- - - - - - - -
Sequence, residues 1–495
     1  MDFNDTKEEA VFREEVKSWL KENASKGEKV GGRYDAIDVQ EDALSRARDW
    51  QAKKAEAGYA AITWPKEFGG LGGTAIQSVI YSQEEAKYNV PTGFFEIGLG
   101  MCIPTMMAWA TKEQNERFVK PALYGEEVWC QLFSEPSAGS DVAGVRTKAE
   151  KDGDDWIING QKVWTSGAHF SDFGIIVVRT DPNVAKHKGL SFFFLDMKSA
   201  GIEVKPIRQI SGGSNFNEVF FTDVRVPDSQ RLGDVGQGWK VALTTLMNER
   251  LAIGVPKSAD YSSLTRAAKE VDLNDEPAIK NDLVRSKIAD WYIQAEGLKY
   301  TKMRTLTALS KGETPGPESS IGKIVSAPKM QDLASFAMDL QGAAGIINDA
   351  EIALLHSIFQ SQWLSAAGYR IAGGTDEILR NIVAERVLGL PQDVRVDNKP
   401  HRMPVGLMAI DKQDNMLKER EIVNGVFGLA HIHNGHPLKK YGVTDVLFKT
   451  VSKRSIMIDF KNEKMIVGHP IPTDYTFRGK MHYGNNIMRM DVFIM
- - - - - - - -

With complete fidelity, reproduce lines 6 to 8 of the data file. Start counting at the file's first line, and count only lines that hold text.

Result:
   201  GIEVKPIRQI SGGSNFNEVF FTDVRVPDSQ RLGDVGQGWK VALTTLMNER
   251  LAIGVPKSAD YSSLTRAAKE VDLNDEPAIK NDLVRSKIAD WYIQAEGLKY
   301  TKMRTLTALS KGETPGPESS IGKIVSAPKM QDLASFAMDL QGAAGIINDA